Due to political developments in Germany, Erwin Bowien decided to leave his homeland and go into exile in Holland. After several small stages, he fixed himself in the town of Egmond a.d. Hoef near Alkmaar. He rented a small house in which the French philosopher Descartes is said to have lived during his exile. It was located exactly opposite the ruins of the castle of the Counts of Egmond. Our foundation supported this project by producing high-quality reproductions of works by the artist. We were also able to obtain publication rights from the copyright holder for the benefit of this project.
A small documentation about Erwin Bowien's time in Egmond aan Hoef can be found as a download of the book: Peter J. H. Van den Berg, De schilders van Egmond. W. Books, Zwolle, 2021, ISBN 9789462583931.
The painter Erwin Bowien and his great pupil. An artist returns from exile. Erwin Bowien, the pacifist and philanthropist leaves Germany as the country takes the path of the Third Reich. The old front-line soldier from the First World War is a convinced pacifist and does not want to have anything in common with the new Germany.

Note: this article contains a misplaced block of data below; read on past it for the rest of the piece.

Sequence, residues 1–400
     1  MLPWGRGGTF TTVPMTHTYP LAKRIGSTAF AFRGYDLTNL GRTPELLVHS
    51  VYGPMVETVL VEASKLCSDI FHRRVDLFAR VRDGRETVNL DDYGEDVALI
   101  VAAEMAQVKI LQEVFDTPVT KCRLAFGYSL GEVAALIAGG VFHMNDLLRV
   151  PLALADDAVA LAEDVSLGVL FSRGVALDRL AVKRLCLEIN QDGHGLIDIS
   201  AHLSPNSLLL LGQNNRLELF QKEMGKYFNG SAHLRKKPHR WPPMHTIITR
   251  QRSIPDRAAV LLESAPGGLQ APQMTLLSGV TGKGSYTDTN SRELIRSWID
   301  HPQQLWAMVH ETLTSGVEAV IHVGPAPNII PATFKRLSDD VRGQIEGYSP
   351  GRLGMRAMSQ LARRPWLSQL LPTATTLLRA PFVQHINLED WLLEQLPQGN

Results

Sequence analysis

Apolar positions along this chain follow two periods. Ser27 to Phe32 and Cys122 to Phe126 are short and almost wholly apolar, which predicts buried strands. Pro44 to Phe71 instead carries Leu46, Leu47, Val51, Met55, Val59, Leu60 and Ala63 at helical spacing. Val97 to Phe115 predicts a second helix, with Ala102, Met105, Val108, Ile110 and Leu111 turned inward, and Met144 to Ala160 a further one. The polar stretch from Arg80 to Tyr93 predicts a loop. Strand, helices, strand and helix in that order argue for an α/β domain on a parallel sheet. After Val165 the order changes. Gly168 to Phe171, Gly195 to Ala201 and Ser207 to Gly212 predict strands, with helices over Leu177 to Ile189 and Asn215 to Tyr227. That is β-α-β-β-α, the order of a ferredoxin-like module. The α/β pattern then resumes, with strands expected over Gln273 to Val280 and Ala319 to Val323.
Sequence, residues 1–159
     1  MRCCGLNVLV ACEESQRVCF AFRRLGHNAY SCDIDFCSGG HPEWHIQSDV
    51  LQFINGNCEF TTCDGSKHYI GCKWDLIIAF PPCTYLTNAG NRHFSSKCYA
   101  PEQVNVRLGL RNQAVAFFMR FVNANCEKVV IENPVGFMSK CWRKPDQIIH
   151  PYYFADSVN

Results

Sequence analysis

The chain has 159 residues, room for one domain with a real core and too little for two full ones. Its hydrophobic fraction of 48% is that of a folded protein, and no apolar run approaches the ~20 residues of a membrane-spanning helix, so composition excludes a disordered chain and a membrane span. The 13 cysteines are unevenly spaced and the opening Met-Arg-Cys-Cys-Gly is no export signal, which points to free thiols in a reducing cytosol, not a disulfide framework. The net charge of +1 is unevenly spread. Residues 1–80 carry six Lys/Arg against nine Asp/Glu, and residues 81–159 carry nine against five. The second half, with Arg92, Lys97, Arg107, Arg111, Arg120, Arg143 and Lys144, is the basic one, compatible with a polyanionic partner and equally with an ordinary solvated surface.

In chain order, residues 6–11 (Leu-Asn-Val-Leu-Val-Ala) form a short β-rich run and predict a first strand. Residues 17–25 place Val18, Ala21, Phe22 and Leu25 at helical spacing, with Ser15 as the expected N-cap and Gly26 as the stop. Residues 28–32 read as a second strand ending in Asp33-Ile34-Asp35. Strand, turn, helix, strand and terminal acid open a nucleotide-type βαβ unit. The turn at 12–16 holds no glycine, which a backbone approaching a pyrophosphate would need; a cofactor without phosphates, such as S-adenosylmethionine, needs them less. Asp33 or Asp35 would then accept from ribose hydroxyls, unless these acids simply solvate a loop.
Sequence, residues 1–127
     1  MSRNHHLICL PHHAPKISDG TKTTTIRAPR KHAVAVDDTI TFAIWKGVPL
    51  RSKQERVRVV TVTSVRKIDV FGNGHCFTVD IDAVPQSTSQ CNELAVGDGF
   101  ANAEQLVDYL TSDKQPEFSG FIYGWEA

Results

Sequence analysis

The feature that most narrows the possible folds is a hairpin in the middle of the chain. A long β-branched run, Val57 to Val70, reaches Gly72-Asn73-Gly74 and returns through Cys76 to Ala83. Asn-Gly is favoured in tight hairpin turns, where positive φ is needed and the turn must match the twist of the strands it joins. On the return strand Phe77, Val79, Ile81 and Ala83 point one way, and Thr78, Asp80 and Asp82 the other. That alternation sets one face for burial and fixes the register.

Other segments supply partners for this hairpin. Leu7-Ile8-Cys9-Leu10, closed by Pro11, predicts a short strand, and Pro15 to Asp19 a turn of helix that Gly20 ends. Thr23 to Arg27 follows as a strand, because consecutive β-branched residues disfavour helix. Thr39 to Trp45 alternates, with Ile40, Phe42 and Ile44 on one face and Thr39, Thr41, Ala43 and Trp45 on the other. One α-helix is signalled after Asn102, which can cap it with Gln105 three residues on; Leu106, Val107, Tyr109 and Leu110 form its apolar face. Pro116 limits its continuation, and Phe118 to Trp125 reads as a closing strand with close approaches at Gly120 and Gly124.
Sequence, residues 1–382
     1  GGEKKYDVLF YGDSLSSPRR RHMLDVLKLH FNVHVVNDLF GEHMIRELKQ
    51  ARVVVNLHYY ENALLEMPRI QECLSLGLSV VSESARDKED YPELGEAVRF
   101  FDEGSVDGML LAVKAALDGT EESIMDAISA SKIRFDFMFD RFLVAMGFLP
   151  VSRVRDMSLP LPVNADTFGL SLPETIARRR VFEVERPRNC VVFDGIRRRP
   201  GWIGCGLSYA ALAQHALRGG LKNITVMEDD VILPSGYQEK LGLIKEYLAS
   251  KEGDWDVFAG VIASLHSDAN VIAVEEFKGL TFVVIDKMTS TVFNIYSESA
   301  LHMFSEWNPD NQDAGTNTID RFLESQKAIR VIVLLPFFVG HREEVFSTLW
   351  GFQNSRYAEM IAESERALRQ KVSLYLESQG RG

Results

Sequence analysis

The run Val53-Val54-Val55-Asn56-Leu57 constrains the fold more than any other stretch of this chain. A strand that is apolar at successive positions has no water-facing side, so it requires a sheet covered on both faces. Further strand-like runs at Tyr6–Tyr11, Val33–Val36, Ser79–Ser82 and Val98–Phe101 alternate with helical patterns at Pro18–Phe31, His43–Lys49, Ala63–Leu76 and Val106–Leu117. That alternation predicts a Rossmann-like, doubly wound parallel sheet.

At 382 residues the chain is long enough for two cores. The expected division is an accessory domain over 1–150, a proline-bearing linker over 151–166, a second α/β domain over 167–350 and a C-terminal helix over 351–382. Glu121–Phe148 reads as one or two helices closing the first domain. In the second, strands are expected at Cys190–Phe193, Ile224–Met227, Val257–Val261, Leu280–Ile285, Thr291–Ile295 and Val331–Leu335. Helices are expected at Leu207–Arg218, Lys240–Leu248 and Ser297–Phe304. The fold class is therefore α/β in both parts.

In his exile in Holland, he is overrun by the Wehrmacht and in the end goes underground, lastly in Kreuzthal-Eisenbach, a village in the Allgäu. There he recognizes the talent of little Bettina. When he came to Solingen in 1945, he founded a small Artists' Colony. His most famous pupil, Bettina Heinen-Ayech, went to Algeria in the 1960s and became a legend there. A journey through time to a lost world - in paintings and historical photographs.